body mike

body mic

or body mike
n.
A small wireless microphone worn inconspicuously or hidden on the body, as by a performer or announcer, so as to allow freedom of movement.

bod′y mike`


n.
a small, wireless microphone worn inconspicuously, as by a performer.
[1970–75]
bod′y-mike`, v.t. -miked, -mik•ing.
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References in periodicals archive ?
Sonny has been so busy trying to locate the body Mike (Max Gail) buried that he has had no choice but to trust his son is smart enough not to get killed by his fiancee. 
Mourinho 'congratulated' referee Mike Dean and the head of the refereeing body Mike Riley.
At another point, when a technician came on stage and fussily adjusted his body mike, Wiesel quipped: "Lecturing is much easier." Wearing a small, black kipa, tapping his toes, and gesturing with his arms like the choir director he was, for a short time, after his liberation from Auschwitz, Wiesel, in a sweet but shaky voice, channeled the Hasidic niggunim he learned at the court of the Vizhnitz Rebbe.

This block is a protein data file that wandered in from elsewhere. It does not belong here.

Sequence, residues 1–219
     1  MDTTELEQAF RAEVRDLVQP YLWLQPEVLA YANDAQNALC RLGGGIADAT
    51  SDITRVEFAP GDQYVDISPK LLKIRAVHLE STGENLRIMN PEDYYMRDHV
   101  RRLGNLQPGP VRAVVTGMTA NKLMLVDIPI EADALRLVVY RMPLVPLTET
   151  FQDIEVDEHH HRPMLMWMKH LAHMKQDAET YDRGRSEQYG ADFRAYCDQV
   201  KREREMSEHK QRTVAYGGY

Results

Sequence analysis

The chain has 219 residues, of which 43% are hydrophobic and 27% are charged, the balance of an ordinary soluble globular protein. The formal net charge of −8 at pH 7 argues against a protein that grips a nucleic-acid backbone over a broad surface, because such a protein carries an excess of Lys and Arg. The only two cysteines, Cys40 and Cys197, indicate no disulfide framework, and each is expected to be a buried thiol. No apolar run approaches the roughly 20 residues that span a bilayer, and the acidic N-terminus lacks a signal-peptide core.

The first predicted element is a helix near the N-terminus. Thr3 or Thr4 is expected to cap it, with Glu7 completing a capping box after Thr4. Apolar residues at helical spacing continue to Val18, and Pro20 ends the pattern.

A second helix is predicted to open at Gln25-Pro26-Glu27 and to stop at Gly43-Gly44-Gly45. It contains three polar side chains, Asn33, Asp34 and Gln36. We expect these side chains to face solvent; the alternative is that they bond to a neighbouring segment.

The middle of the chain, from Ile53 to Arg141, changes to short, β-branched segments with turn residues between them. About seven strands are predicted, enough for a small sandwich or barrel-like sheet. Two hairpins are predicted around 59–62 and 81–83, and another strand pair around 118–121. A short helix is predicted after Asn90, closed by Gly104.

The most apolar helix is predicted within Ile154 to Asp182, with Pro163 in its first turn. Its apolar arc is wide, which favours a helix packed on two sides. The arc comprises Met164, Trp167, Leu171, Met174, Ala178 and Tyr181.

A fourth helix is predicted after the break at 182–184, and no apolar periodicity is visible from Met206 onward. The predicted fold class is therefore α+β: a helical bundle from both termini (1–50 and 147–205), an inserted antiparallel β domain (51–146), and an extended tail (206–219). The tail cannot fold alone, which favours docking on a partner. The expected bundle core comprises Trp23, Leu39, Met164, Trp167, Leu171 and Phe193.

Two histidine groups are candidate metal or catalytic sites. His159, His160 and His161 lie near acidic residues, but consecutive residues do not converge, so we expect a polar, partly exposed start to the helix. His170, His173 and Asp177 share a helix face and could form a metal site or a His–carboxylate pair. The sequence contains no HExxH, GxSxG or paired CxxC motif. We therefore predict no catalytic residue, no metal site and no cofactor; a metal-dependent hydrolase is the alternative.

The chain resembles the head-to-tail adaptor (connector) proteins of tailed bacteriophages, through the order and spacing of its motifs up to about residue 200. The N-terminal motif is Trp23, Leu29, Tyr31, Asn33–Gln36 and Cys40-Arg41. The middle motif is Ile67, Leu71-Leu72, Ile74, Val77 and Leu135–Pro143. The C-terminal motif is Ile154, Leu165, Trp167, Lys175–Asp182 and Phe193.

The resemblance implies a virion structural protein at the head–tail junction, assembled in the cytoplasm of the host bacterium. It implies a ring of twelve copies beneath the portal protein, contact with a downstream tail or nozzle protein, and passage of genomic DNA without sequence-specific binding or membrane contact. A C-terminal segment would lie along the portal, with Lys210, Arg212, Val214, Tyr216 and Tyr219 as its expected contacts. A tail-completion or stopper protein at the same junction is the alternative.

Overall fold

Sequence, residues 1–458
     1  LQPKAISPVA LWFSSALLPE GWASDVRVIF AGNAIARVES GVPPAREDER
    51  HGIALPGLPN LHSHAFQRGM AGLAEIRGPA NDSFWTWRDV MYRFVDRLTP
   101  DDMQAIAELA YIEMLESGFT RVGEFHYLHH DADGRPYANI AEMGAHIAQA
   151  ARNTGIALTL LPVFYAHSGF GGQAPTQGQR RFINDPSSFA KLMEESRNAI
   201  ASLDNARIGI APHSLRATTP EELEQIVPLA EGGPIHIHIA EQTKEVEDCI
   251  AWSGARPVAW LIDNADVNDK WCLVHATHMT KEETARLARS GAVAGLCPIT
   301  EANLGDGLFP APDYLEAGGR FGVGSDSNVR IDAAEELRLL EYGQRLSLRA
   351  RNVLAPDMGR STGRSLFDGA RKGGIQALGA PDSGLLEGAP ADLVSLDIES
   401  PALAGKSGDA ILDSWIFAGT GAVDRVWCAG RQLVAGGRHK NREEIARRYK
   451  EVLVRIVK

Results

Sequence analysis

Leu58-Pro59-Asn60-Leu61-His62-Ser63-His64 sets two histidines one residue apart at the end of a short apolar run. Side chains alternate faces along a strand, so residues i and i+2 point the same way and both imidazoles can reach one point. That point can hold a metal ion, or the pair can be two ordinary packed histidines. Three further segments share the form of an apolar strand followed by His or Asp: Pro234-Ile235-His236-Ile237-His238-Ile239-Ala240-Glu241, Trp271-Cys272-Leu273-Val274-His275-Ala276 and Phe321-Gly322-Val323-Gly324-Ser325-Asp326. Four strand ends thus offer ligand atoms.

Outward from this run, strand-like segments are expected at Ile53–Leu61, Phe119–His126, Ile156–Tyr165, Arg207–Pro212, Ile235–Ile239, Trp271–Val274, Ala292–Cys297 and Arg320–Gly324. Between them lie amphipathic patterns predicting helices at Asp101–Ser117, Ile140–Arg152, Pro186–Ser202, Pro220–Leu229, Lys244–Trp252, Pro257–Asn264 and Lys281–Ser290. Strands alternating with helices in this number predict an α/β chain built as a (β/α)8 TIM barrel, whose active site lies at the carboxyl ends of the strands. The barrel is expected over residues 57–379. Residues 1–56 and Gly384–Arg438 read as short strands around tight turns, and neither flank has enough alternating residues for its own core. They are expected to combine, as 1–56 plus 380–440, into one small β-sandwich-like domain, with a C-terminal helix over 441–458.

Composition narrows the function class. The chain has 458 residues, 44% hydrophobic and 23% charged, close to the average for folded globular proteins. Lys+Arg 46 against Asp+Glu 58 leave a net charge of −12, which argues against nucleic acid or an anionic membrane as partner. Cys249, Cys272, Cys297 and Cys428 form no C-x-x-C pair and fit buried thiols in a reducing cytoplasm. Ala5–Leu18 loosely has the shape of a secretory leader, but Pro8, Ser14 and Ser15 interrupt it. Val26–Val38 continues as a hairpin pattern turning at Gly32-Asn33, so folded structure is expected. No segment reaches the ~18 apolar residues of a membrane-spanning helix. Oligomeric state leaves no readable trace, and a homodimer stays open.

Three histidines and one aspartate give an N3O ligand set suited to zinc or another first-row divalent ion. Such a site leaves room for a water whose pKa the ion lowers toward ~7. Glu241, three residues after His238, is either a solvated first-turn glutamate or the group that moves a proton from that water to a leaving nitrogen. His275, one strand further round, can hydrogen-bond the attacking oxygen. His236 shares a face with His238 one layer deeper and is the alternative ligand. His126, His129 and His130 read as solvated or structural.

If Boatin were wearing a body mike, you might hear him mumble, 'Oh no!
A man's plastic suit crinkled, amplified by an invisible body mike, as he danced.
"It's not my job to investigate these rumours involving a body Mike German used to work for which may or may not be true".
In addition to tape-recording the conversation using a hidden device in his briefcase, Harrington also wore a 'body mike'.
Handsome in a claret velvet jacket and wearing a body mike, Plummer begins his narration with the play's prologue and then incorporates much of Henry's dialogue.
Set (tech credits are unlisted) is in keeping with the TV infomercial ambience, and the sound system was sharp enough to pick up Gray's nonstop brushing and bumping of his body mike. 'What the world needs today is love," Gray says at the close of his show.
While each of the four police cars at the scene was equipped with video and audio dash cameras, and the officers had body mikes, Gilde noted none had been turned on during the incident.
While they were wearing body mikes, the nuance of anything they said was lost, because the audience could not see the emotions on the actors' faces.
The boxes around the front of the stage hid the floor microphones, which were essential because of the theatre's poor acoustics (and long before the age of body mikes).